Love Actually star Martine McCutcheon has defended the film’s divisive cue card scene.
The moment from the 2003 festive romcom sees Andrew Lincoln’s character Mark revealing his love to his best friend’s wife Juliet, played by Keira Knightley, using cue cards on her doorstep.
The scene has been much discussed in recent years, with many critics pointing out problematic aspects to it.
However, speaking to Digital Spy, Martine – who played Downing Street staff member Natalie in the film – revealed she “doesn’t think it’s creepy at all”.
“I think people do crazy things when they are in love with people,” she said.
“He had his moment where he thought ‘enough now, I’ve told her how I feel, I love my friend too but I had to get it off my chest in the right way’.
“She’d already seen the video, and I think it was his way of making things explained and comfortable.”
Her comments come after Martine revealed she feared killing on-screen love interest Hugh Grant on her first day of filming the festive classic.
Her first scene was the one in which the whole cast filmed their various reunions at Heathrow Airport, with Martine tasked with jumping into the arms of Hugh’s character, prime minister David.
Speaking to the PA news agency, Martine explained that jumping into Hugh’s arms hadn’t proved as easy as it looked on screen.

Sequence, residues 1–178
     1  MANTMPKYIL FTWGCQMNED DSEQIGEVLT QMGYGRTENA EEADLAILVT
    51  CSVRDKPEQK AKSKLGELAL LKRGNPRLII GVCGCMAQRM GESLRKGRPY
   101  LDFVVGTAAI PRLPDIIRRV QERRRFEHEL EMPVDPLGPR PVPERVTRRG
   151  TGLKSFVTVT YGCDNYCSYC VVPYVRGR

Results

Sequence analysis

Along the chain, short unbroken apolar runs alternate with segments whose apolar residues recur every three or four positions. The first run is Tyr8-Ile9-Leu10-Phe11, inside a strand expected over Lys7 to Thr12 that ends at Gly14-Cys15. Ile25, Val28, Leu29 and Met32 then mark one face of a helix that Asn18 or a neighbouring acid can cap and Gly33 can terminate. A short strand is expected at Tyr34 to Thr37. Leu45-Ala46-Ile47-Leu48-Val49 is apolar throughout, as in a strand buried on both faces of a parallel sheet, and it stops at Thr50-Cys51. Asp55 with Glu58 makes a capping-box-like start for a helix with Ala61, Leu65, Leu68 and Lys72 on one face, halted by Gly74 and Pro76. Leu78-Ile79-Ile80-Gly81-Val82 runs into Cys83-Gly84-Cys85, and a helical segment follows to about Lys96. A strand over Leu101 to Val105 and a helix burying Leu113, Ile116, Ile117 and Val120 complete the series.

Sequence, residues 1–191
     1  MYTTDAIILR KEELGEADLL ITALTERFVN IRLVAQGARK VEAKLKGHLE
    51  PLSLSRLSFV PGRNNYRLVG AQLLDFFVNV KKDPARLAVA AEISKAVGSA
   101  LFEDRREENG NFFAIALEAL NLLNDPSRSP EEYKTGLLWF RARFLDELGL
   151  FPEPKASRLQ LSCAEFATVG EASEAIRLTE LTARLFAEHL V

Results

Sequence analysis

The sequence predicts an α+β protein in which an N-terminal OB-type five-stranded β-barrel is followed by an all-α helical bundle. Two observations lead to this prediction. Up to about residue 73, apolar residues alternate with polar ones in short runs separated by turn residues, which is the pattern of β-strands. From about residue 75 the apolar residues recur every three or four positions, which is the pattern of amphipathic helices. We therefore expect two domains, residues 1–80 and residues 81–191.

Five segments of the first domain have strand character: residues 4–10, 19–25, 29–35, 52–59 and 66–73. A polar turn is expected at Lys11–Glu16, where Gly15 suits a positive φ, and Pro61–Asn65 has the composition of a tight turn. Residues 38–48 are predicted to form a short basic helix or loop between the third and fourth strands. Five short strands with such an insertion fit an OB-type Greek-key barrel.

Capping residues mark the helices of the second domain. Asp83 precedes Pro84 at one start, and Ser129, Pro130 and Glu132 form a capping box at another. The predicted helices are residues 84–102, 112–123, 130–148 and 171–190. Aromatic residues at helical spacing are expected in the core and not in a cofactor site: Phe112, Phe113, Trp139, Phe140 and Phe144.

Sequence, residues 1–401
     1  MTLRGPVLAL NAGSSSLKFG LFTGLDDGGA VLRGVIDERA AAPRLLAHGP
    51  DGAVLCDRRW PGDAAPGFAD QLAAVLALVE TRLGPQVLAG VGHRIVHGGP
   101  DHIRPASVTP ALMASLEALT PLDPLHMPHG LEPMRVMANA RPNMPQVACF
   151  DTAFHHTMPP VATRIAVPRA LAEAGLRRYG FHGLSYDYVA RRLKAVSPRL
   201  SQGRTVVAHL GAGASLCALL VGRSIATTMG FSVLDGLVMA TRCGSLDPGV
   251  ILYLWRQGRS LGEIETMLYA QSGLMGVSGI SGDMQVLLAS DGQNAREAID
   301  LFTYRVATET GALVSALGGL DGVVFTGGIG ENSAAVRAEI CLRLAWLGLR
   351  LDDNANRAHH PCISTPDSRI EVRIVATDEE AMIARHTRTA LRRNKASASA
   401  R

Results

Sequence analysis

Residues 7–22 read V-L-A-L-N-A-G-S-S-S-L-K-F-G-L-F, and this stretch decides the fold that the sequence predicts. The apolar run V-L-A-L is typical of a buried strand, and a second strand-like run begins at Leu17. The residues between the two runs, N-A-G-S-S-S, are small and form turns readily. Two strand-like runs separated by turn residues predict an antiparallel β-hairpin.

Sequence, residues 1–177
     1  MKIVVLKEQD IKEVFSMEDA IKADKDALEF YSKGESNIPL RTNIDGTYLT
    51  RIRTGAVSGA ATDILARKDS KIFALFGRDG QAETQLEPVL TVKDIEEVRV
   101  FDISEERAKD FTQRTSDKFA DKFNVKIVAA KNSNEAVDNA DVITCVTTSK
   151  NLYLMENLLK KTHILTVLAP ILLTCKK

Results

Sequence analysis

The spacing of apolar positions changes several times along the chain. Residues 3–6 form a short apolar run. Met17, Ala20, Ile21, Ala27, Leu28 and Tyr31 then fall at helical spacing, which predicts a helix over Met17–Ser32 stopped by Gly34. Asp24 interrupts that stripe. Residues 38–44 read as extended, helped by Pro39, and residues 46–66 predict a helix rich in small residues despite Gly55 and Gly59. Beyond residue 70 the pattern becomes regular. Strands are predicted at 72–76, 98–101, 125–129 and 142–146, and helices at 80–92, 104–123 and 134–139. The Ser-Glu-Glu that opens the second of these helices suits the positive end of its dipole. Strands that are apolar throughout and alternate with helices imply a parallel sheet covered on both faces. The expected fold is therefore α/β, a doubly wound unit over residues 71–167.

She said: “It was one of the only times that everybody was together, if not the only time, and you realise that all these people are actually connected in some way without realising necessarily.
“It was just so special to look around and see everyone around us, Oscar winners, the talent on that set that day was unbelievable.
“But I was really nervous because I had to run and jump on Hugh, that was my first scene, and I was thinking ‘Oh my God, I’m going to kill him!’
“He was like ‘Come on, go for it’, and I was so nervous because I had never had to jump on anybody in a scene in my life and now as I do it, it’s with the heartthrob that is Hugh Grant, in front of everybody, in front of all these amazing actors, and what if I knock him out? What if I do something wrong?”
Last year, Hugh also spoke of his highs and lows of making the film, revealing one scene in particular that was “absolute hell” to film.
This article originally appeared on HuffPost UK and has been updated.